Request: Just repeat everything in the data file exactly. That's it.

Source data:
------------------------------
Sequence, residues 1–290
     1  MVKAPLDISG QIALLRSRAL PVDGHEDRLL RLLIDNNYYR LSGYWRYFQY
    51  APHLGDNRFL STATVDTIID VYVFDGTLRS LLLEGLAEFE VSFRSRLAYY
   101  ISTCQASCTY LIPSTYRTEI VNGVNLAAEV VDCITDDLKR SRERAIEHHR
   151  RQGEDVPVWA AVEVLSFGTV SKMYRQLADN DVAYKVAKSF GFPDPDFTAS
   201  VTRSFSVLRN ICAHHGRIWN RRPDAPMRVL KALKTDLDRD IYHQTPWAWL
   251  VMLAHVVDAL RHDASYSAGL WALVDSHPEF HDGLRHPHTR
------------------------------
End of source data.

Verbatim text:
Sequence, residues 1–290
     1  MVKAPLDISG QIALLRSRAL PVDGHEDRLL RLLIDNNYYR LSGYWRYFQY
    51  APHLGDNRFL STATVDTIID VYVFDGTLRS LLLEGLAEFE VSFRSRLAYY
   101  ISTCQASCTY LIPSTYRTEI VNGVNLAAEV VDCITDDLKR SRERAIEHHR
   151  RQGEDVPVWA AVEVLSFGTV SKMYRQLADN DVAYKVAKSF GFPDPDFTAS
   201  VTRSFSVLRN ICAHHGRIWN RRPDAPMRVL KALKTDLDRD IYHQTPWAWL
   251  VMLAHVVDAL RHDASYSAGL WALVDSHPEF HDGLRHPHTR